Trinidadian-born Justice Wavny Toussaint has said that the COVID-19 pandemic brought “great loss” to Kings County (Brooklyn) Supreme Court’s Civil Branch.
Toussaint — who serves as an associate justice of the Appellate Term, Supreme Court of the State of New York for the 2nd, 11th and 13th Judicial Districts — told Caribbean Life over the weekend that Justice Johnny Lee Baynes, a friend for over 30 years and a fellow Howard University Law School classmate, whose chambers were a mere 30 feet from hers, “lost his battle with the Coronavirus virus in March 2020.
“Shortly, thereafter, in April 2020, Justice Noach Dear lost his battle with the Coronavirus,” added Justice Toussaint, who hears appeals from the New York City Criminal, Civil, Small Claims and Housing Courts in Brooklyn, Queens and Staten Island. “For two years, his chambers were next to mine in Civil Court, and again when he moved to Supreme Court.
“A year or two earlier, he honored me with an invitation to his grandson’s bris,” continued Justice Toussaint, who, simultaneously, serves as an elected Justice of the Supreme Court of the State of New York, Kings County (Civil Branch).
She disclosed that other judges, court officers and court staff became ill because of the virus.
“Some were hospitalized,” Justice Toussaint said. “It was a frightening time because, as of yet, there was no cure.”
She said that January 2020 “began wonderfully.”
On Feb. 5, 2020, with two other colleagues, Justice Toussaint said she sat for the first time as an Associate Justice of the Appellate Term.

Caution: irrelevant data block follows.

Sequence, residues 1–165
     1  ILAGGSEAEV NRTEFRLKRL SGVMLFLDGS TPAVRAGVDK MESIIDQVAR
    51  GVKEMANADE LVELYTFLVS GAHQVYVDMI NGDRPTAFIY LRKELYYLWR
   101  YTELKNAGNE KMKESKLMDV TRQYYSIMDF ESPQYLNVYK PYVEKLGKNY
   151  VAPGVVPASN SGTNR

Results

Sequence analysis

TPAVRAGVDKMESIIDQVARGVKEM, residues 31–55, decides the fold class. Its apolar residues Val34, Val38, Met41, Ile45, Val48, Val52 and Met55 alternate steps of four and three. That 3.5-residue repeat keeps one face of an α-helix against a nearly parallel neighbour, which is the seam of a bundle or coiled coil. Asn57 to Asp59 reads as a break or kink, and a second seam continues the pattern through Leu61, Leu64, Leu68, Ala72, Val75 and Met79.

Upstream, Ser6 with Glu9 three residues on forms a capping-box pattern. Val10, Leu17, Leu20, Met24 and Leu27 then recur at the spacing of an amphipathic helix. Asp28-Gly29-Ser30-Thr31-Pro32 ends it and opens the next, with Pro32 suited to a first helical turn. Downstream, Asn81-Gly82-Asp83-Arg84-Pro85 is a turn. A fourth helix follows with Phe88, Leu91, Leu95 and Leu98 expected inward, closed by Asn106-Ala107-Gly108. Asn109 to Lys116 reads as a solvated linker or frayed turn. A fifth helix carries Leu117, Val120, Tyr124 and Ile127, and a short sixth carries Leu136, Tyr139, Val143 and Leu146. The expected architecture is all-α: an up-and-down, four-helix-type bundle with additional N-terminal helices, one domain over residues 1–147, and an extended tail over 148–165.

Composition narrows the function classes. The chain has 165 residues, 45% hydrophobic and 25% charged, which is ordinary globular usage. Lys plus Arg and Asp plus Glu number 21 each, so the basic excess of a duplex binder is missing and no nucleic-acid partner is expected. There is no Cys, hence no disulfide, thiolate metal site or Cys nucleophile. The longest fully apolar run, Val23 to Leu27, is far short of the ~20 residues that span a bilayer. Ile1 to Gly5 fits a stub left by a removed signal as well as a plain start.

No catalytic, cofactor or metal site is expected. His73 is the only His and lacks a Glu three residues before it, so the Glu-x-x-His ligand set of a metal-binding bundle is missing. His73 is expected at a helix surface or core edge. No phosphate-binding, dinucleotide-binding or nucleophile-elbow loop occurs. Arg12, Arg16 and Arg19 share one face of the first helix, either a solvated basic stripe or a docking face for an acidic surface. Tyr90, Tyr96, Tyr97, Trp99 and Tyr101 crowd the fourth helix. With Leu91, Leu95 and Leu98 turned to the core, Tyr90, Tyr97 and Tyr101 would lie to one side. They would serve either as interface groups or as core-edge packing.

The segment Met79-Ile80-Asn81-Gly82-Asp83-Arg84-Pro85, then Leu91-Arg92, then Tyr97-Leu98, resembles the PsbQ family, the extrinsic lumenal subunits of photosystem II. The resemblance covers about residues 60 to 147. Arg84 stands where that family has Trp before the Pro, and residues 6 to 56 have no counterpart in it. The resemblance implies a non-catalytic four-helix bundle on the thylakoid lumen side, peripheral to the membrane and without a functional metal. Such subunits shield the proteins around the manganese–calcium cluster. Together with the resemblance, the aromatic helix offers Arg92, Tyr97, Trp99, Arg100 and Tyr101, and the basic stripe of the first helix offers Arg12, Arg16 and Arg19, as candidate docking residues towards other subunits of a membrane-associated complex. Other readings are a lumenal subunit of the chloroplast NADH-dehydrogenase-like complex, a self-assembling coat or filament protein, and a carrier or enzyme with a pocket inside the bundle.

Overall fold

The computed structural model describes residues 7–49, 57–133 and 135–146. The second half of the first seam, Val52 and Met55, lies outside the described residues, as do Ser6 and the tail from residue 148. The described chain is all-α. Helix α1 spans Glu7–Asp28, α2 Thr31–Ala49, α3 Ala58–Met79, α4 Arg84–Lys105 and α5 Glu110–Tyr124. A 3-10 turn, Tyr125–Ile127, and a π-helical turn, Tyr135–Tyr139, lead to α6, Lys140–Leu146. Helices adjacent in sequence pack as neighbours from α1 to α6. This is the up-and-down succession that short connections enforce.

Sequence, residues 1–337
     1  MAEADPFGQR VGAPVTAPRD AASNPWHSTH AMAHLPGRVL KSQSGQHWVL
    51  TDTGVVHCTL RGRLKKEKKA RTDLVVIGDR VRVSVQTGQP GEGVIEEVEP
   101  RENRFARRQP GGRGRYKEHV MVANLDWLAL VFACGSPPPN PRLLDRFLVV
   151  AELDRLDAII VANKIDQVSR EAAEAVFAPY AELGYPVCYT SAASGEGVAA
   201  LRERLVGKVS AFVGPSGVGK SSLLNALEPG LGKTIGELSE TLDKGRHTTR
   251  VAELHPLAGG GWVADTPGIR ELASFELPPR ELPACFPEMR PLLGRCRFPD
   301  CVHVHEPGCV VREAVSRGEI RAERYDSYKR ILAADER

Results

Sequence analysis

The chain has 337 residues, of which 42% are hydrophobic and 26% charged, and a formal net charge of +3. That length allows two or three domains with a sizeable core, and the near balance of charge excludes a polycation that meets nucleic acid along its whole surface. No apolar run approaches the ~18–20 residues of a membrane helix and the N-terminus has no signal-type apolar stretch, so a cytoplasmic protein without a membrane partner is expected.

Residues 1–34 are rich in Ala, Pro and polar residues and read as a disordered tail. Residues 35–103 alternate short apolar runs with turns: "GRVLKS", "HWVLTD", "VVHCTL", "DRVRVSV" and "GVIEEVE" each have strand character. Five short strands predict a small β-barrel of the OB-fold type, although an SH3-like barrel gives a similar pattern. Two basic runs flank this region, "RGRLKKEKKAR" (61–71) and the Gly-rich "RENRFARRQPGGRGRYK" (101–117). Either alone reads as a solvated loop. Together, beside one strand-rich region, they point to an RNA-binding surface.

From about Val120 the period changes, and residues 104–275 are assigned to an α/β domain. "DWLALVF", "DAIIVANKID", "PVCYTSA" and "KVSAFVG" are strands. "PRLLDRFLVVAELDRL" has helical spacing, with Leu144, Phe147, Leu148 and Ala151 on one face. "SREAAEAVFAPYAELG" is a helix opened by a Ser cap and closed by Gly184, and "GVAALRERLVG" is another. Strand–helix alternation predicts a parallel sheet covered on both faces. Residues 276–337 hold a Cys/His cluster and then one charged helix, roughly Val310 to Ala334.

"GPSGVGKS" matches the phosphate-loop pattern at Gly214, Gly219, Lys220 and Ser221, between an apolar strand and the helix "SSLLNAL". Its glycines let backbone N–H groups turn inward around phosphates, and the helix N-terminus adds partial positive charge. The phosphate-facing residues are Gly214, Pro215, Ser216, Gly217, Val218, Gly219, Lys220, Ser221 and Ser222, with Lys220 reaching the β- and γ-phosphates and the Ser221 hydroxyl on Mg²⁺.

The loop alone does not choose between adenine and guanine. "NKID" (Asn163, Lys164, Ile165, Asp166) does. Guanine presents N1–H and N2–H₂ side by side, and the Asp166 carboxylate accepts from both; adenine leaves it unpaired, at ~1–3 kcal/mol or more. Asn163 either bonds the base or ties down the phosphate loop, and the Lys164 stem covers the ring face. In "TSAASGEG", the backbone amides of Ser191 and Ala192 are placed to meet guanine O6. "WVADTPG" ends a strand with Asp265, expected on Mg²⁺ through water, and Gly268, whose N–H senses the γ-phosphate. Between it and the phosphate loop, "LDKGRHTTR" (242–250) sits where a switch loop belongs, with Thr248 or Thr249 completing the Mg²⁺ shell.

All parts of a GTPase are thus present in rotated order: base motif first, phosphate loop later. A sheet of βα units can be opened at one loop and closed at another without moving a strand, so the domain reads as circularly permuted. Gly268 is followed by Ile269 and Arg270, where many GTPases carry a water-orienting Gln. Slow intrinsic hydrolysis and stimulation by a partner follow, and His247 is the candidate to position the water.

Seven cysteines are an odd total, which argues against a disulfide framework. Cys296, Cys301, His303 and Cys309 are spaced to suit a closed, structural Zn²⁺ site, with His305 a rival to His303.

She said this was followed by just one more in-person sitting.
“Then the COVID-19 pandemic was upon us,” said Justice Toussaint, disclosing that, in late February, “a memo, with general information about the Coronavirus, was sent to all court personnel.”
In early March, she said an update was provided that was more specifically targeted to the New York State Court system.
By March 17, 2020, except for essential staff, Justice Toussaint said court buildings were closed.
“For most judges and their court attorney staff, the work of drafting decisions simply continued from home,” she said, stating that all Appellate Term sittings were virtual until January 2022.
“In February, we were once again virtual but have resumed in-person arguments in March,” she added. “Unfortunately, we are displaced to a different courthouse for our in-person sittings, as the panel bench in our assigned courtroom at the Kings County Civil Court is too small to allow social distancing for our three judge panels.”
Justice Toussaint said that although access to the court building was limited, “the work of the court needed to continue.”
By April 2020, working remotely and virtually, she said she and her staff resumed conferencing, and settling cases, hearing arguments on motions and issuing decisions.
“So did many other judges,” Justice Toussaint said. “I already had access to court files from my home. Court IT (Information Technology) personnel enhanced that capability.